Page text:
Some volatility has crept back into the markets in the past few days, largely driven by negative news flow out of Spain (the latest country to come under pressure as a result of the European debt crisis). This probably didn’t come as a surprise to most professional investors, but it might have to Europe’s esteemed leaders, one of whom declared just a few days ago that the crisis is “almost over,” while another described it as “ebbing.”
In fact, that does not appear to be the case. In recent weeks, Spain has acknowledged that it is going to have difficulty meeting previously agreed upon deficit cutting targets, and will likely end the year with a higher debt ratio than expected. This revelation led to a disappointing result for Spanish bond auctions this week, which caused their interest rates to jump. In addition, Spanish equities have been suffering from heavy selling.
Despite two years of assurances, summits, bailouts of select countries, etc., Europe clearly remains a significant risk to the outlook. Just as many observers predicted would happen, the crisis appears to be operating under a rolling pattern — simply moving from one country to the next as Europe’s leaders scramble to devise ad hoc solutions. Even with last month’s agreement to significantly boost the supposed financial “firewall” meant to reassure the market that adequate resources are being mobilized, investors are still not convinced.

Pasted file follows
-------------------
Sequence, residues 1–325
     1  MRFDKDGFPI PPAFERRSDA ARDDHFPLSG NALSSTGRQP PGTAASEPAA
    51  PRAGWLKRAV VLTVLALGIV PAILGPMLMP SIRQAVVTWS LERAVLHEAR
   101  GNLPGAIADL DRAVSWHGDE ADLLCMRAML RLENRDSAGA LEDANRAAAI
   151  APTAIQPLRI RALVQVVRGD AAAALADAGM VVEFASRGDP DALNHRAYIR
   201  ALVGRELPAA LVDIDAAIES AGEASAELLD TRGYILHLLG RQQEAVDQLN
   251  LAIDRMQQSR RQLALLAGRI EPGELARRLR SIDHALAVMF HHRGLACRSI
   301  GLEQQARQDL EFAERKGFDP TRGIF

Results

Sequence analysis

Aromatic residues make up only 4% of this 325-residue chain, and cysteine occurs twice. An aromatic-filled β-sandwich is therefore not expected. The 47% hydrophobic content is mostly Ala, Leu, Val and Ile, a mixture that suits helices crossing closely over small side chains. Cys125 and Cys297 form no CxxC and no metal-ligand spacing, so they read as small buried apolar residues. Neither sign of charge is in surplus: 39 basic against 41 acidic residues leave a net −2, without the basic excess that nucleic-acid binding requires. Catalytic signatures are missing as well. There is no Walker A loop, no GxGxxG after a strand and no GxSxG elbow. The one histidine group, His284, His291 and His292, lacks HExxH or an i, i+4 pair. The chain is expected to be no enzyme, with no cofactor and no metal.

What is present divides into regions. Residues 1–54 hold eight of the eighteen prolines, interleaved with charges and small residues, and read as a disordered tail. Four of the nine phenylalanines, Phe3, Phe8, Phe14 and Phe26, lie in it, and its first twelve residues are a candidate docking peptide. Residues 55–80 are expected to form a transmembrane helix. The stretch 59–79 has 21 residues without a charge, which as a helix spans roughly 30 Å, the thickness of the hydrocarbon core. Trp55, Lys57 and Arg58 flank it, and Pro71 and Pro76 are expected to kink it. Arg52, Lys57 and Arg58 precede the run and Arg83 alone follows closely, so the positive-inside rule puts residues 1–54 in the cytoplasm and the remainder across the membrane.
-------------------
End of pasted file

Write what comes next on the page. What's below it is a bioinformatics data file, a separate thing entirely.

There are those who believe 2012 is mirroring the past two years, with early stock market strength ultimately giving way to troubling events in Europe. While it’s still too early to make such a determination, there are striking resemblances taking shape.
Copyright: / 123RF Stock Photo